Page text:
Once again, I do NOT read such business publications. The quotes provided are infuriating: "Why Incentive Plans Cannot Work"! You need to remember that these outrageous statements are made in order to sell their books: After all, how many companies out there have proven that the motivational side of commission has been at the root of their success! "Cannot Work" ... they HAVE worked and ARE working!!!

In my experience team compensation is something to be avoided at all costs. In my years of sales management and now in my consulting practice, I would NEVER suggest implementing such a plan.

Good luck & Good selling!
Pat - by OUTSource Sales
Blue Note, you said, "Outside of the office, I do not have any type of social relationship with my employees. It's best that way ... Sending them to dinner w/ tickets to an event is a good idea though."

My experience tells me that it is better to keep some distance. I've had the team out for functions (dinners, theatre, etc.) but it gets unwieldy and tends to lose the personal touch. This especially if the budget doesn't permit inviting the "significant others".

Consequently, I much prefer giving AMEX chits for dinner, theatre (etc.) or hockey/baseball tickets.

After all, there is NOTHING more motivational (in both directions) as the spousal unit. I've learned that it's critical to keep them involved at all costs. One example, around mid-year, I would send out tourist brochures for that year's President Club location to each of the spousal units. A personalized note would be included which explains club to them. Then, in the 3rd quarter, I would send out to the spousal units, another spiffy enticement. Monthly through the 4th quarter, more would go out each with new information on what to expect at President's Club. This always had the desired effect.

Good luck & Good Selling!
Pat - by OUTSource Sales
OUTSource Sales,

We just have different approaches. You go for superstar individuals. I go for a superstar team.

A superstar team doesn't need superstar performers. And a group of superstar performers don't automatically make a superstar team.

Why?

The members of a superstar team wake up in the morning looking forward to contributing to something bigger than they could pull off individually.

Many superstar performers wake up in the morning only because they get paid for it.

In the team's case it's the passion, enthusiasm, energy and drive to create something amazing.

In the superstar's case it's another day, another buck. If they pay me, I do it.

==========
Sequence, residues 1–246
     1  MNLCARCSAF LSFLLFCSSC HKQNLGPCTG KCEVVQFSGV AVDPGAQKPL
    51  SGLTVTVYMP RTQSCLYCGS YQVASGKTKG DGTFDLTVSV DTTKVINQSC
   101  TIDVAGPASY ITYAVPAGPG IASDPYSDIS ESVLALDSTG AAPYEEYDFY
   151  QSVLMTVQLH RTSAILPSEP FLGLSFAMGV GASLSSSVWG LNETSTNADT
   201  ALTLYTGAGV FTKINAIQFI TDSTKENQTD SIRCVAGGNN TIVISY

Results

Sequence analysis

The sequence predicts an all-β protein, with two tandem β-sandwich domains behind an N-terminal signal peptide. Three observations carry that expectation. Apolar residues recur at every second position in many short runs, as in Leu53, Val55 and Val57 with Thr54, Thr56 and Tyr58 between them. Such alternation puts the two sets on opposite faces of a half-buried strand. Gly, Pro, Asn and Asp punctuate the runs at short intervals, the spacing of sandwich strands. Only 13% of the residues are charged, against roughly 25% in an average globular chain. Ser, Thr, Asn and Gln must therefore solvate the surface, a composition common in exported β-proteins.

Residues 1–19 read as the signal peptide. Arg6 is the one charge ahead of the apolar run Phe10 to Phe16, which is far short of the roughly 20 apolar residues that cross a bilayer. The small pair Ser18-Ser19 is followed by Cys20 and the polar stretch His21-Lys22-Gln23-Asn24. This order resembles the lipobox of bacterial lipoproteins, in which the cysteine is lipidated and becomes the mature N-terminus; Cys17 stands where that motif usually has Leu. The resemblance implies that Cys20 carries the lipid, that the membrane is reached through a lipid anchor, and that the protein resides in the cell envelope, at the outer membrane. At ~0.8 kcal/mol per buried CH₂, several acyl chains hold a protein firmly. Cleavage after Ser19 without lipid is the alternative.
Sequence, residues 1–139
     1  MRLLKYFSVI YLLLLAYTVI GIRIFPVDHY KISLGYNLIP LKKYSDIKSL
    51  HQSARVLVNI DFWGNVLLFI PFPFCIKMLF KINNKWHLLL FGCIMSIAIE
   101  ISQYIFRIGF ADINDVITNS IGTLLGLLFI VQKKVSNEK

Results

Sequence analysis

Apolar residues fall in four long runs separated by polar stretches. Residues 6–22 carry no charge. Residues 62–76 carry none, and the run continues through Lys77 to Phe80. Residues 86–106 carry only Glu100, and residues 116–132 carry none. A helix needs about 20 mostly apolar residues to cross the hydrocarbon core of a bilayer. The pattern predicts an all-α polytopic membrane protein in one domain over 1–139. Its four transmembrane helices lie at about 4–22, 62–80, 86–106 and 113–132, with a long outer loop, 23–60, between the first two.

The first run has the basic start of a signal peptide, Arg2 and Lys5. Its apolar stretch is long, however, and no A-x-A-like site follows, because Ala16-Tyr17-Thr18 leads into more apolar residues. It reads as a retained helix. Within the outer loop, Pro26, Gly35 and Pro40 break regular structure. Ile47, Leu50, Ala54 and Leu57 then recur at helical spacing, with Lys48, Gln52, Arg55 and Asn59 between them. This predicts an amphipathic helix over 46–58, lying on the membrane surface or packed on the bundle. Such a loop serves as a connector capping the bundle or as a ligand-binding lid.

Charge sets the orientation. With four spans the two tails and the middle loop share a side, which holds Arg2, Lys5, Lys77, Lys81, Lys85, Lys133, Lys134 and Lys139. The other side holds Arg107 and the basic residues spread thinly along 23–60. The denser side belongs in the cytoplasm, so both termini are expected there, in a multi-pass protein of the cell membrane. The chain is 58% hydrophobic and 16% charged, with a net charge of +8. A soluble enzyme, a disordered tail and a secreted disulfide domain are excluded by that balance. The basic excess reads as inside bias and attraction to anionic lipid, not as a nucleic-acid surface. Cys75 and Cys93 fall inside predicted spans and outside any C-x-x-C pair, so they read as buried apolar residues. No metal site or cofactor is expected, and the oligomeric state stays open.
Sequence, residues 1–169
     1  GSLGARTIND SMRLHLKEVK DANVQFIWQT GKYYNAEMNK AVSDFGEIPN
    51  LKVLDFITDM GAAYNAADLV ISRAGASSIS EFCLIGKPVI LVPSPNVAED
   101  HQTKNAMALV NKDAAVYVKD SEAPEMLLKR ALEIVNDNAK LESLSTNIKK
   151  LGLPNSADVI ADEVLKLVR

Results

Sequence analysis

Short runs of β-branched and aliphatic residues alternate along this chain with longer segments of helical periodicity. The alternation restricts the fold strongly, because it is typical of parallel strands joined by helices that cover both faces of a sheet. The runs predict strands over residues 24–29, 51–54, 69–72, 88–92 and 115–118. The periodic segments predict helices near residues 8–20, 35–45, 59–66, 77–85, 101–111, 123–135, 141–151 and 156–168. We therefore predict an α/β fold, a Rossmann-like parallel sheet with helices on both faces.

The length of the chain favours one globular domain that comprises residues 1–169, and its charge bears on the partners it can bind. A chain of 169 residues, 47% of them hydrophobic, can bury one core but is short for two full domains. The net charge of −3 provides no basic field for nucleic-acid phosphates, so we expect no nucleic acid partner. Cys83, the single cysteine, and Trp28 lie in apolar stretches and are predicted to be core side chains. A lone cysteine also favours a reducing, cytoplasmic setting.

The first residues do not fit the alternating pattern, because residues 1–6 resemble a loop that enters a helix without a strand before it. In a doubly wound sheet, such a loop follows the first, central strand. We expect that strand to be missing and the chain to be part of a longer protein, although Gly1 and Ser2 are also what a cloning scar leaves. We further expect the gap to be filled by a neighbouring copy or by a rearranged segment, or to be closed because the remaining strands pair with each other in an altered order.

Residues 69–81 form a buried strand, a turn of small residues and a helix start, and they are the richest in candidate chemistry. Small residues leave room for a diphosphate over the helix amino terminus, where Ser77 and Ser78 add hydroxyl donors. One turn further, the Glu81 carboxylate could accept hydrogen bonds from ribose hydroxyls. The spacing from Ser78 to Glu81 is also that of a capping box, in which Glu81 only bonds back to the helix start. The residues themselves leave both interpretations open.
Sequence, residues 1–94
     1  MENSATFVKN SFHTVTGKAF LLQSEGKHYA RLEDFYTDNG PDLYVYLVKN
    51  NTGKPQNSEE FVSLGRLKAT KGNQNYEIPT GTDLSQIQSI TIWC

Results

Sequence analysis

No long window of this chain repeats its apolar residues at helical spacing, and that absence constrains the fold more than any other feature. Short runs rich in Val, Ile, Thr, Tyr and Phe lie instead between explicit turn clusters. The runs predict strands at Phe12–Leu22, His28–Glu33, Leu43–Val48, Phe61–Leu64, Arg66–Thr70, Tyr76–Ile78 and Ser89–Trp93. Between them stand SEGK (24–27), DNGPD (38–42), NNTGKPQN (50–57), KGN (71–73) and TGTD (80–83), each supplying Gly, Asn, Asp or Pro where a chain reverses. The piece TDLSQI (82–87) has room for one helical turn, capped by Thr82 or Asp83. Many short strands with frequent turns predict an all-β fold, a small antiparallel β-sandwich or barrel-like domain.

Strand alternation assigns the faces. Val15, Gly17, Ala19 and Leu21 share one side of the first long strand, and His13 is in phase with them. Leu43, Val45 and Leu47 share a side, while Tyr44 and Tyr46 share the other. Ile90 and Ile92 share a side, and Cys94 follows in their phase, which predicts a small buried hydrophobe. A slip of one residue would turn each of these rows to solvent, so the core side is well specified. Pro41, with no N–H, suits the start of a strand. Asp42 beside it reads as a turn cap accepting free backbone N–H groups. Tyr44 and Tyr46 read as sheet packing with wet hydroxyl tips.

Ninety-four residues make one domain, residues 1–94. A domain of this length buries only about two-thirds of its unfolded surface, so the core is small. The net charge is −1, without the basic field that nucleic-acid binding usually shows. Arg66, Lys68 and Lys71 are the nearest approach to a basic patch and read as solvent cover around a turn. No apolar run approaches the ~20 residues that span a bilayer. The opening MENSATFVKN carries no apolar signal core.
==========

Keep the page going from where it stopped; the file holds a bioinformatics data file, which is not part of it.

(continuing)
> By providing an inflated share to an under-performer, the motivational aspect of commission is lost.

But why the cricket would I hire someone who is solely motivated by money?

I may look at it from the wrong angle, but to me a steady, loyal plodder is more valuable than a whimsical uncontrollable superstar who gives me the attitude and threatens to quit every week.

Given the right help and support, the plodder will improve, but the superstar is a disaster as is.

So, what can I do with the plodder? Assess his natural talents and play him to those talents.

BD - by Bald Dog
First off, Bald Dog, there are no "wrongs", so, you and I are throwing about views based upon our personal experiences in sales/sales management.

With that said, you assume too much: having "superstar performers" (your term) on the team makes for a true sales environment in which some lead and others follow. There are no negatives (for example) to have two SRs blowing away plan and two SRs making plan (with some peak months).

I had no under-performers on my team.

The next massive disconnect wrt "superstar performers" relates to your perception of them as being, "whimsical uncontrollable superstar who gives me the attitude and threatens to quit every week." I have NEVER had such an experience either as a peer SR on the team or SM leading the team.

Nextly, you sent me reeling with your comment, "But why the cricket would I hire someone who is solely motivated by money?" The sales compensation plan is designed to motivate against the company's objectives (units, margin, share, growth, etc.). If a SR earns commission against those criteria, how can there be an issue? I managed senior individuals with sufficient personal depth to see their earning potential in the right perspective. In each instance they were consistently strong contributors to the team at large.

The role of the SM is to ensure that the atmosphere is one in which every single member is superbly positioned to achieve their personal goals. During sales meetings, the team would be asked about their wish-list in terms of training beyond sales skills. After a skills inventory and personal assessments (based on time together), perhaps, training was required to bring-up the business or sales skills. Or, perhaps, sessions with management to gain a keener insight into how the company ticks.

In my view as SM, it was my mission to both:
1. bring the sales leaders to another level (eg. teach them how to "earn more net without selling more gross"); and,
2. bring the entire team to a higher level of productivity;

I can say, in all honesty, that I managed the team by knowing the individuals. No one on any of my teams would say that they were either coddled or ignored!

Good luck & Good Selling!
Pat - by OUTSource Sales
"The essence is that when you remove the pressure of internal competition, then people perform a lot better. As a difference, I regard external competition as a challenge but not pressure." - BaldDog

What and how one defines and internalizes external factors and how these things effect behavior is an important consideration personally and with a sales team or individual. I've worked with people wired to respond to individual incentives for productivity as well as those not wired to that response - other things move them.

Removing internalized pressure is important and necessary for most people to be successful - my experience is in agreement with yours, BD.

Likewise, I've watched a team spirit illuminate a collection of people to achieve success and I've seen it not trigger that kind of response in other would-be teams.